Anxiety & Depression
Anxiety and depression are mood disorders. When someone suffers from anxiety or depression, they may feel off balance. They do not feel calm and grounded, nor do they feel like themselves. Both anxiety and depression disturb people’s daily lives, and can negatively impact their relationships, jobs, and overall health.
What are the symptoms of anxiety and depression?
Anxiety disorder is an umbrella term that includes different conditions, each with its own symptoms:
Panic disorder. You feel terror that strikes at random. You may experience panic attacks. Sometimes you may feel like you’re choking or having a heart attack.
Social anxiety disorder. Also called social phobia, this is when you feel overwhelming worry and self-consciousness about everyday social situations. You fixate about others judging you or on being embarrassed or ridiculed.
Specific phobias. You feel intense fear of a specific object or situation, such as heights or flying. The fear goes beyond what’s appropriate and may cause you to avoid ordinary situations.
Generalized anxiety disorder. You feel excessive, unrealistic worry and tension with little or no reason.
Depression includes overwhelming feelings of sadness, loneliness, emptiness, and emotional numbness. Symptoms of depression include the following:
Trouble concentrating, remembering details, and making decisions
Feelings of guilt, worthlessness, and helplessness
Pessimism and hopelessness
Insomnia, early-morning wakefulness, or sleeping too much
Loss of interest in things once pleasurable, including sex
Overeating, or appetite loss
Aches, pains, headaches, or cramps that won’t go away
Digestive problems that don’t get better, even with treatment
Persistent sad, anxious, and numb or “empty” feelings
Suicidal thoughts or attempts
While some people may not meet the clinical definitions of anxiety or major depressive disorder, they may experience a chronic, low-grade worry or angst that undermines their everyday well-being. They may experience short depressive episodes, sense that they are not living the life they’re meant to be living, or generally not feel good about their life. Perhaps they’re feeling heavy, burdened, overwhelmed, and stressed.
Some of these statements may resonate:
There must be more to life than this.
I’m simply not excited about the life I’m living.
I’m doing just enough to get myself through the day.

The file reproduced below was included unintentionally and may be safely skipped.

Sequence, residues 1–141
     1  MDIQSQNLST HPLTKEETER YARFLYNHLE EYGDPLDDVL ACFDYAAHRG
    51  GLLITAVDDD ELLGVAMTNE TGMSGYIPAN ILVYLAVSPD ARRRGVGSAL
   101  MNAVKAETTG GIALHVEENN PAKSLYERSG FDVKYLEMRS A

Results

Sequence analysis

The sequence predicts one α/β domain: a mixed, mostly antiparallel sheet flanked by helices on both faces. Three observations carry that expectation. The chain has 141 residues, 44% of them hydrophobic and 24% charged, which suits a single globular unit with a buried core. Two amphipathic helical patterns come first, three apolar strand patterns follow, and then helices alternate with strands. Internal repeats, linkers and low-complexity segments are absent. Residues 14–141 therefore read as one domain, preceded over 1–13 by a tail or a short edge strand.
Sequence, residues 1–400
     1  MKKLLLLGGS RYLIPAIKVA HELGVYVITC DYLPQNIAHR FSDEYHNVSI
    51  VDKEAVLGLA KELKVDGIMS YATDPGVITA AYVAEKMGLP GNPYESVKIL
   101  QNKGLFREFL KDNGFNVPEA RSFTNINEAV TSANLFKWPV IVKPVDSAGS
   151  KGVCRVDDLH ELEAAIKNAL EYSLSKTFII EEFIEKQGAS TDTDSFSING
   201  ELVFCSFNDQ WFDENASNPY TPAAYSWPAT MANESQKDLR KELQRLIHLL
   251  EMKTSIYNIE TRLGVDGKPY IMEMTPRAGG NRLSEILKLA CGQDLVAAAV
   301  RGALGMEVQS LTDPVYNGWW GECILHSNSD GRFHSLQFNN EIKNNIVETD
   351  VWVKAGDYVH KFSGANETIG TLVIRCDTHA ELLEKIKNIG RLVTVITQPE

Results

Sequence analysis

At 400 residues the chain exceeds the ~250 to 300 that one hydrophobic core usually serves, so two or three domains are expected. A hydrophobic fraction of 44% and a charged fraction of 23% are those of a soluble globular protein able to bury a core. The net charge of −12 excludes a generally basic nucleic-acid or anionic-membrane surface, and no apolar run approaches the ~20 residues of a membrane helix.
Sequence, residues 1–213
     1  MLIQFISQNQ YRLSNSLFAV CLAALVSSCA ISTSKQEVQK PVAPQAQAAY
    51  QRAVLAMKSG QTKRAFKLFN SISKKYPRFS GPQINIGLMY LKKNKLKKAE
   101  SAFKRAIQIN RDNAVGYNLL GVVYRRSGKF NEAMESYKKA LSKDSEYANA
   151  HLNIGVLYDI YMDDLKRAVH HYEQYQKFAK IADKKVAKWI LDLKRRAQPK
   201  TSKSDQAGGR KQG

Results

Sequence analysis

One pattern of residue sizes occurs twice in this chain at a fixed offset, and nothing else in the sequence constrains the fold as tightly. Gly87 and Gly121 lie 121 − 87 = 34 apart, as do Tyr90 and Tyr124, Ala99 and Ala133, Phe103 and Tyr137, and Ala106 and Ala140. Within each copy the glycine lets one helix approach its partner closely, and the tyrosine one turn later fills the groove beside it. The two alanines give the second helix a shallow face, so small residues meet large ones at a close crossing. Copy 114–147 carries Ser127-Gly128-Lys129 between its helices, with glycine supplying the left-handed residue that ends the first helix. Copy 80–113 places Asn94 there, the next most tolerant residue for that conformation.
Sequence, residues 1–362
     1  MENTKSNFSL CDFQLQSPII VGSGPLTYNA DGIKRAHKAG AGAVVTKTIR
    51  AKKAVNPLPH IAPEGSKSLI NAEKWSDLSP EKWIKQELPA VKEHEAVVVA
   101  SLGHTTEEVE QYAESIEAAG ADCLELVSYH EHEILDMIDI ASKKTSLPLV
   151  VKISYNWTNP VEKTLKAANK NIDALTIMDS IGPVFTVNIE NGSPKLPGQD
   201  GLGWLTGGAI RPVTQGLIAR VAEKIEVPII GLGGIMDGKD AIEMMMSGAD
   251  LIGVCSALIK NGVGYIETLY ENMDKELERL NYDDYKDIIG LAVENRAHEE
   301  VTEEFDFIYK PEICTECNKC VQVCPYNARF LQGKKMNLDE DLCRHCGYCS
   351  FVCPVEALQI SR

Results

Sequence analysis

I feel like I’m white-knuckling it all the time.
These feelings are valid, and worthy of getting help.
Others may find that they have physical and physiological issues causing depression symptoms. Chronic stress and immune or endocrine system issues can have major impacts on mood; it is important to not only treat the symptoms, but also identify and treat the underlying causes of these issues to reclaim a sense of well-being. Our team is here to help.
How can Four Corners help?
Anxiety and depression impacts one’s entire life – their body, mind, spirit, and relationships. Our entire team is here to support those suffering from anxiety and depression. We approach anxiety and depression from a holistic point of view, and use mindfulness tools to help clients find relief. We want our clients thriving in all areas of their life. Our team will help you work through whatever is causing you distress and help you go beyond simply dealing with the symptoms you’re experiencing now. We will help you develop effective coping skills to feel capable of dealing with whatever life throws your way.
We are happy to work alongside your MD or psychiatrist to ensure you receive all the care you need. Our team will not push medication, but we will help you make an informed decision about whether to use medication. We also often collaborate with complementary providers, such as acupuncturists and chiropractors.
If someone you know is living with anxiety or depression…
It can be sad, angering, and overwhelming to see a friend or loved one suffering with anxiety or depression, especially if you don’t know how to help. If a loved one is dealing with anxiety or depression, we encourage you to seek therapy to explore how to be a supportive presence without sacrificing your own boundaries and well-being.